S Corporations Offer Advantages - And Disadvantages

S corporation is a term that comes up whenever a business owner seeks advice regarding how to structure the business. Many people have strong views on which is better—an S corporation or an LLC. The fact is that there is not a single perfect choice. The best choice depends on the type of business, the plans for the business and the short- and long-term goals of the owners.  This article will help you understand the advantages and disadvantages of an S corporation, which is an important first step in determining if the S corp is the right option for your company.

CT Tip: While there are many similarities across all the states, each state is slightly different. It is important to consult with a business professional that knows the ins and outs of each state’s laws.

Four Advantages an S Corporation Can Offer

While conventional wisdom views the following as advantages that an S corp offers its owners, it is important to realize that what is generally an advantage could be a disadvantage in some cases.  For example, pass-through taxation generally is positive, but if you want to accumulate money for expansion—perhaps to build a new facility—a regular corporation could be the better choice because income can be retained within the corporation. 

Asset Protection. One of the major advantages of the S corporation is one that is shared by regular C corporations and LLCs.  Operating as an S corporation, an LLC or a C corporation offers the owners limited liability protection. This means that the owners’ personal assets are shielded from the claims of business creditors—whether the claims arise from contracts or litigation.

Pass-through Taxation. An S corp is a pass-through entity for federal (and most state) income tax purposes. (It shares this advantage with the LLC.)  Business income, as well as many tax deductions, credits, and losses, are passed through to the owners, rather than being taxed at the corporate level. This avoids any chance of “double taxation,” which comes into play when dividend income is taxed at both the corporate level and at the shareholder level.

Salary and Dividend Payments. An S corporation owner can opt to receive both a salary and dividend payments from the corporation. This can result in an overall lower tax bill. Why? Because dividends are not subject to self-employment tax. Further, the corporation can deduct the cost of the wages paid when computing the amount of income that is passed through to the shareholders. However, the division between salary and dividends must be “reasonable” as determined by the IRS. (The IRS watches these types of transactions very closely and will step in and re-characterize the income if it feels the payments were unreasonable.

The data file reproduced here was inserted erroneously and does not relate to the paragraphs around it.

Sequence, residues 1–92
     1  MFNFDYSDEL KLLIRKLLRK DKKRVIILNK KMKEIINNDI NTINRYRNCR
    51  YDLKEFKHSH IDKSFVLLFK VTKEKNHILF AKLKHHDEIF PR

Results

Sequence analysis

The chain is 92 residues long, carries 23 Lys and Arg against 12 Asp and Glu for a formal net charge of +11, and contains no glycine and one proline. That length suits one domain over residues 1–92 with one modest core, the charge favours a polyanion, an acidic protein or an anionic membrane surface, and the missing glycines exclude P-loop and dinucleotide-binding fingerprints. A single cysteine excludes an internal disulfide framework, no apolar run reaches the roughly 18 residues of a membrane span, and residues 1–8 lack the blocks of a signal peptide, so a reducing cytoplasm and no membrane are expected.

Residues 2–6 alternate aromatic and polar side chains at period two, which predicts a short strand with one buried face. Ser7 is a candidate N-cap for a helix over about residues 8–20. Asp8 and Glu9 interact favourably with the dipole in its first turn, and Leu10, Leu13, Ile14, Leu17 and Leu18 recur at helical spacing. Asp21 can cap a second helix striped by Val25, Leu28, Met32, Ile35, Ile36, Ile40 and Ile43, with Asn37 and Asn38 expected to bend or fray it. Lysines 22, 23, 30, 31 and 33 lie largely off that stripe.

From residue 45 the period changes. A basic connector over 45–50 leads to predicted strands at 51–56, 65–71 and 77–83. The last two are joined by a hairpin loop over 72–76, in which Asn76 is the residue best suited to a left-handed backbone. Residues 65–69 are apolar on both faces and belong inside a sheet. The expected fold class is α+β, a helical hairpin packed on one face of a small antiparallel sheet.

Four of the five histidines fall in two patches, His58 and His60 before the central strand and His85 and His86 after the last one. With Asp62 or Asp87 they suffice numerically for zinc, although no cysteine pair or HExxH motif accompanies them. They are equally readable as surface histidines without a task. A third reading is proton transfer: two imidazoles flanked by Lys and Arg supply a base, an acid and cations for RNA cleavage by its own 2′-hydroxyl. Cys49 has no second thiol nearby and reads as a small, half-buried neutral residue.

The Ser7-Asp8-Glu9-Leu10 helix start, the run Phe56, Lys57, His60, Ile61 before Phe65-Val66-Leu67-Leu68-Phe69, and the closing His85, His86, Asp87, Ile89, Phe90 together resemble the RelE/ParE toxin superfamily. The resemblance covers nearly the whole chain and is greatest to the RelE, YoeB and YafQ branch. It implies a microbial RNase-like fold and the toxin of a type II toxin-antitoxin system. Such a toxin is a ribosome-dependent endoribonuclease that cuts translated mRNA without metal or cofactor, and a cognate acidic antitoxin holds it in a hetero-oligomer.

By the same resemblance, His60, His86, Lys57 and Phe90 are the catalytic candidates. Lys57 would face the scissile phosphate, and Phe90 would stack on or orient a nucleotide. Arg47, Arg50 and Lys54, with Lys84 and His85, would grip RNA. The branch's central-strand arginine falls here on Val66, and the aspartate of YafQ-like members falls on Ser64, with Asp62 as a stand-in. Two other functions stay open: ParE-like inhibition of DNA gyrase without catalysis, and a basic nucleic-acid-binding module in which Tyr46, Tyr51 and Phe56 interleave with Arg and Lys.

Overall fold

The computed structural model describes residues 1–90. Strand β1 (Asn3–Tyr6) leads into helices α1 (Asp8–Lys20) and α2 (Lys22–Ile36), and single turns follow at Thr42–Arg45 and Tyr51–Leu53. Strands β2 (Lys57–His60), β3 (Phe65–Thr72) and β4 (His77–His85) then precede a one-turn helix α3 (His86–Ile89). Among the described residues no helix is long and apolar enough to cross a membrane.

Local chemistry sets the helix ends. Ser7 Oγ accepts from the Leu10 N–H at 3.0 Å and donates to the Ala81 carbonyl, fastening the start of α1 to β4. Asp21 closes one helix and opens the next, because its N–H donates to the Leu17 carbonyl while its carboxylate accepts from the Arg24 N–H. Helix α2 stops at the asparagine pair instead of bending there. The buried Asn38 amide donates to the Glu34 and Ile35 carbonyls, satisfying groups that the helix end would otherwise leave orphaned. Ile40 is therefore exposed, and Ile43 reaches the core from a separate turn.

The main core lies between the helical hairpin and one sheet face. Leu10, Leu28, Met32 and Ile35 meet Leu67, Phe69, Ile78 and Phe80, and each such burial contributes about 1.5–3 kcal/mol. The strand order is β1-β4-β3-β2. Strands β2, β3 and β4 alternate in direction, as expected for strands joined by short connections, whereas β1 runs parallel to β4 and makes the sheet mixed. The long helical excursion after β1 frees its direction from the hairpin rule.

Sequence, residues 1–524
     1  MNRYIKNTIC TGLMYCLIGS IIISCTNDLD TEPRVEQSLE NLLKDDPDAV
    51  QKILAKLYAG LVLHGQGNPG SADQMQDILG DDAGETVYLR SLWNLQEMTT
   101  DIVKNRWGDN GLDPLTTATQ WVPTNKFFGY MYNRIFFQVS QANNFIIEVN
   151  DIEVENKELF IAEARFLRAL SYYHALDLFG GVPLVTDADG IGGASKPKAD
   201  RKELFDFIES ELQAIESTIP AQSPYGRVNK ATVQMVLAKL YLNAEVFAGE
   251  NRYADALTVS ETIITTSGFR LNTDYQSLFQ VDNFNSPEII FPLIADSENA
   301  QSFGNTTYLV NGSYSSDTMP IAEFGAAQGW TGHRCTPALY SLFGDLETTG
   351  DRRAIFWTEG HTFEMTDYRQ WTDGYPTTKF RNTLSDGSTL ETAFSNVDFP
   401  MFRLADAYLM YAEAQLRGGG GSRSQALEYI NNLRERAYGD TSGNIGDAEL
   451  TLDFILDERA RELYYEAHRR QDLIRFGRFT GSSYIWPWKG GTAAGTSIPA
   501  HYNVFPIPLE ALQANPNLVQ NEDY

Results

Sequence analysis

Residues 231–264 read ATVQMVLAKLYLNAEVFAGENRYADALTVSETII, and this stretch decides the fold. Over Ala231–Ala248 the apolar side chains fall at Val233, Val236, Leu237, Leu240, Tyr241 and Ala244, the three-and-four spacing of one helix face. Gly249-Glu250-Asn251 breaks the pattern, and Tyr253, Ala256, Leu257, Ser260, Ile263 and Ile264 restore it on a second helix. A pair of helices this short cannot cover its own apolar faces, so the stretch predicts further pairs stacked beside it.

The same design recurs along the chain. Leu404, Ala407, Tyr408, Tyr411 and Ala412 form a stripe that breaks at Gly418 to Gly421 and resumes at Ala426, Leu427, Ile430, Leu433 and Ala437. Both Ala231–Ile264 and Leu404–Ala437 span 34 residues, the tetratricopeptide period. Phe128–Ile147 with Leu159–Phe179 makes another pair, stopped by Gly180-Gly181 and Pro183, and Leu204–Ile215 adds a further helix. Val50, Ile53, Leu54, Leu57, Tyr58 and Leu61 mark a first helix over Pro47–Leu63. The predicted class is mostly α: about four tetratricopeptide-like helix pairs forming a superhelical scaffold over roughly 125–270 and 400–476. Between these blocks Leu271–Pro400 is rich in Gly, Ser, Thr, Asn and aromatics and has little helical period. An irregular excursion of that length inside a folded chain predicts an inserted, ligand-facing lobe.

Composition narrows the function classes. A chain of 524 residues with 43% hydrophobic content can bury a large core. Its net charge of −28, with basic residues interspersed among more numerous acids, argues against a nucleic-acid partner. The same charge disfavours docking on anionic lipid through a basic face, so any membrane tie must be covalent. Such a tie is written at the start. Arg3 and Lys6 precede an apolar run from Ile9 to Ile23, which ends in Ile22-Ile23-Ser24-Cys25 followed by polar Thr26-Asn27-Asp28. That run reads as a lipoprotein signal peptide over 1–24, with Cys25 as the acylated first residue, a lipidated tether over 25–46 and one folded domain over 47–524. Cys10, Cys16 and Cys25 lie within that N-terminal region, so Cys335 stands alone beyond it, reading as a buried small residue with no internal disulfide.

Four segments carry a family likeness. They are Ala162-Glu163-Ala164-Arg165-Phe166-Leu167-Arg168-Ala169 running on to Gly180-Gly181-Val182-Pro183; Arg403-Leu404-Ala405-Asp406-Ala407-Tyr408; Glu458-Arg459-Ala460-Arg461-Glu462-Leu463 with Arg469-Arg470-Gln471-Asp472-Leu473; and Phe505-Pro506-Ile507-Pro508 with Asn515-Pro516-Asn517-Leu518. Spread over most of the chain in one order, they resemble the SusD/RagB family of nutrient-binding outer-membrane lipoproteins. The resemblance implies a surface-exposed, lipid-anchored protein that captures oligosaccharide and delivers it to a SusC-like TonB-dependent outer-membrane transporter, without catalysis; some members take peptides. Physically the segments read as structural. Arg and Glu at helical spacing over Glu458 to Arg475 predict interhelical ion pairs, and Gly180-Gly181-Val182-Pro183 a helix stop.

Ease of Conversion. An S corporation can be converted to a C corporation more easily than an LLC can.  As  S corporation status is simply a matter of a federal tax election, no secretary of state paperwork is required if the election is terminated.  In contrast, an LLC must formally convert to a corporation by filing the appropriate documents with the secretary of state in the formation state and every state where it has qualified to do business.

Three Disadvantages of an S Corporation

As noted earlier, some advantages can function as disadvantages for certain businesses and business plans.  Here are some of the “dark side” of the advantages, as well as some that are inherent in operating as a corporation, rather than the more flexible LLC.

Strict Qualification Requirements. In order to be eligible to make an S corporation election—and to continue to be an S corporation—the corporation must meet strict requirements on number and type of shareholders and types of shares.  Briefly stated, these rules include:

  • Only individuals, certain estates and trusts, certain tax-exempt organizations can be shareholders
  • There cannot be more than 100 shareholders (although some family members can be counted as a single shareholder)
  • There can only be one class of stock (although differences in voting rights are permitted)

Rigid Profit and Loss Allocation. Because it is a corporation, an S corporation is required to allocate profits and losses among the owners based strictly on the percentage of ownership or number of shares held.  In contrast, an LLC is able to allocation its profits and losses in whatever proportions the owners desire.  Thus, the founding owner who transfers 50 percent of the ownership to a new member could receive a disproportionate share of the income from the LLC.  In an S corporation, the founders allocation is reduced from 100 percent to 50 percent.

Corporate Formalities. At the risk of being redundant, it must again be stated that an S corporation is first and foremost a corporation.  That means that it must observe all the corporate formalities imposed by its home state and the states where it is registered to do business. (In contrast, an LLC faces far fewer formalities)


S corporations can be the best choice if you are looking for a company structure that provides pass-through taxation and permits both salary and dividend payments.  However, there are requirements that must be met in order to make the election and must continue to be met for the election to remain valid.  The advantages of allocating income between salary and dividends must be balanced against the lack of flexibility and the more extensive formalities imposed on a corporation versus an LLC.

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